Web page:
Rajasthan leads India’s solar power ambitions

  • Yogendra Singh and Armin Rosencranz

    June 1, 2016 | 01:15 AM
Rajasthan leads India’s solar power ambitions

At the December 2015 Paris Climate negotiations, Prime Minister Narendra Modi announced India&’s commitment to 100 Gigawatts of solar energy connected to the grid by 2022.  Commentators have questioned this ambitious target given the fact that India&’s current solar capacity is approximately 5 GW and India&’s commitment is equal to half of the total global production of solar energy. However, a study conducted at Stanford University indicated that this target is indeed achievable with a strong domestic policy push and international investment.

There has been a substantial policy push both at the central and state levels and investment appetite in the sector has increased: non-binding investment commitments of 171 GW from some 50 developers have been made, though how many of these will actually materialise is uncertain.  In India, both the union and the state governments can make and formulate policy in the energy sector and therefore policy changes at the state level are crucial in achieving these ambitious solar targets.

Rajasthan has emerged as the leader in solar energy among the states. According to a press release issued by the Ministry of Renewable Energy, Rajasthan topped in the country with a total installed solar capacity of 1264 MW out of the total 5129 MW of installed solar power capacity in all states as of January 2016. And Rajasthan is likely to remain the national leader in solar energy in the coming years. This change has come about owing to a number of factors including Rajasthan&’s 300-330 days of sun and highest solar radiation of 6.0-7.0 kWh/ m2 in the country. Moreover, availability of large tracts of flat and underdeveloped barren land, a favourable policy environment, positive market dynamics and a national push to solar energy have made Rajasthan the leading solar energy producing state in India.

The Rajasthan government announced a new Solar Energy Policy in 2014 which primarily focuses on creating an investment friendly atmosphere in the state&’s solar sector.  The government aims to achieve the target of installing 25 GW of installed solar capacity through public, private and individual efforts. The Government aims to achieve this target by encouraging private investment through measures like provision of government land to set up solar parks, easing of registration and processing procedures, reduction of security amount for from Rs 25 lakh per MW to Rs 10 lakh per MW and reduction of the eligibility criteria of net-worth requirement to Rs 1 crore/MW from Rs 3 crore/MW. Further, the government seeks to amend laws like the Rajasthan Tenancy Act and Rajasthan Land Revenue acts to allow landholders to set up solar plants on their land. Moreover, solar power plants have been given a special status by the State Pollution Control Board. Also the process of obtaining “Consent to Establish” and “Consent to Operate” has been simplified by issuing these consents within 15 days. Other than these, the government seeks to encourage rooftop solar plants by proposing a net metering scheme where rooftop solar plants can be installed by individuals and the government will buy the surplus after consumption. In the 2014-15 budget, the government made a provision of Rs 119 crore for solar power pumps for farmers and Rs.100 crore were allocated to connect villages with “local solar grid, stand-alone solar systems and smart grid systems.”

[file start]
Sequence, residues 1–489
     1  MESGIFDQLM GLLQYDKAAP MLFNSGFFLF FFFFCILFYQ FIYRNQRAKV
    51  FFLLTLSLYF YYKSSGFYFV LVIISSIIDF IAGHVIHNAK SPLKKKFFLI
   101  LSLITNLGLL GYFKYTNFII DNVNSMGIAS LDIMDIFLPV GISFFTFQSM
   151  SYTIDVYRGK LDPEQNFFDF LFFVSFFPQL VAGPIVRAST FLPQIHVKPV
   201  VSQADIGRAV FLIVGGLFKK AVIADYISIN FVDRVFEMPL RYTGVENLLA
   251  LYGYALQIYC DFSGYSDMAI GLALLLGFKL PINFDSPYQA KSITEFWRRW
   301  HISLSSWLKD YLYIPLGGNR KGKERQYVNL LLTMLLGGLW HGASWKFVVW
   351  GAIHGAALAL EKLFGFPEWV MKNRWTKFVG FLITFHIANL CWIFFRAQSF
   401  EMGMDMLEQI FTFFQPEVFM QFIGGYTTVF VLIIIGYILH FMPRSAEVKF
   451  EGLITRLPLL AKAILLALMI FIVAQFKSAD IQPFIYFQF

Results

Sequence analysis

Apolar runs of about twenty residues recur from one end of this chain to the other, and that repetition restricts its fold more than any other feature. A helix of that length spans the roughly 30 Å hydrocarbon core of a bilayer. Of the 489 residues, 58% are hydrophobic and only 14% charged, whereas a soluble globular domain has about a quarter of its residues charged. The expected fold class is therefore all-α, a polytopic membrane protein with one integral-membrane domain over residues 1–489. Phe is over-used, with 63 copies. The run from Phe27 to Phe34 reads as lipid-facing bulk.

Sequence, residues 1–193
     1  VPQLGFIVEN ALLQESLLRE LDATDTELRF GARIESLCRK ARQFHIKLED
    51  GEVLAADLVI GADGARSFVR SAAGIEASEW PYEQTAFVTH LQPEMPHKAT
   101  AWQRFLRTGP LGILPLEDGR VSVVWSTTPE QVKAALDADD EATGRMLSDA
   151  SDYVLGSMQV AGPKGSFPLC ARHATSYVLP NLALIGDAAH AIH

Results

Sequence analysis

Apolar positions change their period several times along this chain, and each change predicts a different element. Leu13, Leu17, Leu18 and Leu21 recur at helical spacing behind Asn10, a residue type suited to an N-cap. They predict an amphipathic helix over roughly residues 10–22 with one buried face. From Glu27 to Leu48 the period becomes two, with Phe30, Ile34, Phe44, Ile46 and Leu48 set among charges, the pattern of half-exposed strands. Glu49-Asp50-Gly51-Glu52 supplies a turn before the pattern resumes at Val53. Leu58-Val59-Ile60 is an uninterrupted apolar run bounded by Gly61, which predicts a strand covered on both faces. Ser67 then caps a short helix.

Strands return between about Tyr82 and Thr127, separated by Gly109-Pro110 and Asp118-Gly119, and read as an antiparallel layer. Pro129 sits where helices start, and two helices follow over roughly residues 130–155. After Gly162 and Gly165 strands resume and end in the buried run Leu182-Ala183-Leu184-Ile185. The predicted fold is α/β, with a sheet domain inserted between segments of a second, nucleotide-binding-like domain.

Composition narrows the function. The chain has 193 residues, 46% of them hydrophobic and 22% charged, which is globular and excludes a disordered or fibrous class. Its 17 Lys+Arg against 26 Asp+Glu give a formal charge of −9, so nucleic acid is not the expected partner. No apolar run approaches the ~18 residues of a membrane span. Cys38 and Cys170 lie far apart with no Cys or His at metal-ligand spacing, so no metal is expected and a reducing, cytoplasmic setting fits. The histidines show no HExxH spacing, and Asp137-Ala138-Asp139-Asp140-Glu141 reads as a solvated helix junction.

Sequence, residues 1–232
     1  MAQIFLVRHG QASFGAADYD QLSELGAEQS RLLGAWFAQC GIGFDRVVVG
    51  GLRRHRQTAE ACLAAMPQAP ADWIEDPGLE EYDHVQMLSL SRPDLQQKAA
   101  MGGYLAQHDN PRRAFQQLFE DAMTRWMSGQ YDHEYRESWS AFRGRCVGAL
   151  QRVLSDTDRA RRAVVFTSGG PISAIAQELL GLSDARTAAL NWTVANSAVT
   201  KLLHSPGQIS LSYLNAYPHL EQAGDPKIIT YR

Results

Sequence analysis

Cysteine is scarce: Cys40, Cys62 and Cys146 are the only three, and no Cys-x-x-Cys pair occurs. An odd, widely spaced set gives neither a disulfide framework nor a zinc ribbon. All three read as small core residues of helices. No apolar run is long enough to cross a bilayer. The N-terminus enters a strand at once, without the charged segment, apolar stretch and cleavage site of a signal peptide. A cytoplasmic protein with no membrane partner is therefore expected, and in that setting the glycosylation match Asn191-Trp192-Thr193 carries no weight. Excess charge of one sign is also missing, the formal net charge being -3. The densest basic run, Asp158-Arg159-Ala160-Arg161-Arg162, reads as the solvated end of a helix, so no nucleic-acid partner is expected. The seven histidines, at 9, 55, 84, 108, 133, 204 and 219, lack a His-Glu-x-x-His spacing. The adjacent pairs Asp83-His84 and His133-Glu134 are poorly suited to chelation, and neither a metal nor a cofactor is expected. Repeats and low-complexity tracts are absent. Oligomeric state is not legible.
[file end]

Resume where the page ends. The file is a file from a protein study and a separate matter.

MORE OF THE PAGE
The Rajasthan government has set up a land bank to provide land to solar power producers. The government has also allowed solar power producers to buy private land exceeding the ceiling limit along the guaranteed water supply from the Indira Gandhi Nahar Project (IGNP) or the nearest water source available for solar thermal projects.

On the off grid front, 15000 solar powered pumps have already been installed and work has begun on the net metering scheme.

While Rajasthan looks like a success story worthy of imitation in other states, there are important challenges. The government has not set a deadline to achieve the ambitious target of 25 GW. Land remains a key issue as huge tracts of land will be required to meet the target. Transparency and timely provision of land will play an important role in achieving the goals. Moreover, the success of the programme depends on greater investment in innovation and research and development to bring down the cost of solar technology.

The Rajasthan government led by Vasundhara Raje deserves to be commended for establishing the state as India&’s leader in solar energy. However, the long term continuation of these efforts and similar efforts by other states will play a crucial role in achieving the solar commitments made by India at the Paris summit.

(The writers are respectively a Masters student in public policy and a professor at the Jindal Global University.)

Rajasthan has emerged as the leader in solar energy among the states. According to a press release issued by the Ministry of Renewable Energy.

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